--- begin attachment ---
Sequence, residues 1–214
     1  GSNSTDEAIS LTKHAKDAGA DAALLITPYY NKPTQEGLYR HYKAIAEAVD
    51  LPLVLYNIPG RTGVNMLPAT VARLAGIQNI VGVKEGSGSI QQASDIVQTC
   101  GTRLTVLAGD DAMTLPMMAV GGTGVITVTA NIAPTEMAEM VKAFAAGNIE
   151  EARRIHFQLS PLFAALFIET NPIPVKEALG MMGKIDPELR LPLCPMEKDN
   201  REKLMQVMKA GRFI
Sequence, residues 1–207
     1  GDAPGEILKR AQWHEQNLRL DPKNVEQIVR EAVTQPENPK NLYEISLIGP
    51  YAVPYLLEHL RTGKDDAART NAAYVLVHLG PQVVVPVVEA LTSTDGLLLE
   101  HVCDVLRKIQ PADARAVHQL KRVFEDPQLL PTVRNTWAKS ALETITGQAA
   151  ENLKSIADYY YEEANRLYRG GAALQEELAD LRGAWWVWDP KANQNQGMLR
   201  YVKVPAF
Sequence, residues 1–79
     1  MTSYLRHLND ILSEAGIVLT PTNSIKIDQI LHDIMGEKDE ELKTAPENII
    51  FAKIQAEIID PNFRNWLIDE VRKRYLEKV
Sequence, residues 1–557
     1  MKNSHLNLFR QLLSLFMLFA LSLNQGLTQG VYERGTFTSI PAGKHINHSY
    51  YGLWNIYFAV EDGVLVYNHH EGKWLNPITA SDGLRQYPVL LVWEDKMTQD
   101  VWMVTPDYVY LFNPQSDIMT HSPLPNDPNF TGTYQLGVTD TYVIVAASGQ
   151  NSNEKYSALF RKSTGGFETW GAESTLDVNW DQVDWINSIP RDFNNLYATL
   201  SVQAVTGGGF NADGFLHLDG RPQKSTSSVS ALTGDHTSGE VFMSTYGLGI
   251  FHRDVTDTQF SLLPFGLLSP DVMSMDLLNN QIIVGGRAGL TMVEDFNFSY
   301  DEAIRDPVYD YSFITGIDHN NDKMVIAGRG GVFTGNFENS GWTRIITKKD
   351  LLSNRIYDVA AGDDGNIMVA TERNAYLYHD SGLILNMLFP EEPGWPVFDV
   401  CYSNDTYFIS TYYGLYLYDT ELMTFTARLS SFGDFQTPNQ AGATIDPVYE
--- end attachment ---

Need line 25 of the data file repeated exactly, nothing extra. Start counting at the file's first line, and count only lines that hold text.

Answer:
   401  CYSNDTYFIS TYYGLYLYDT ELMTFTARLS SFGDFQTPNQ AGATIDPVYE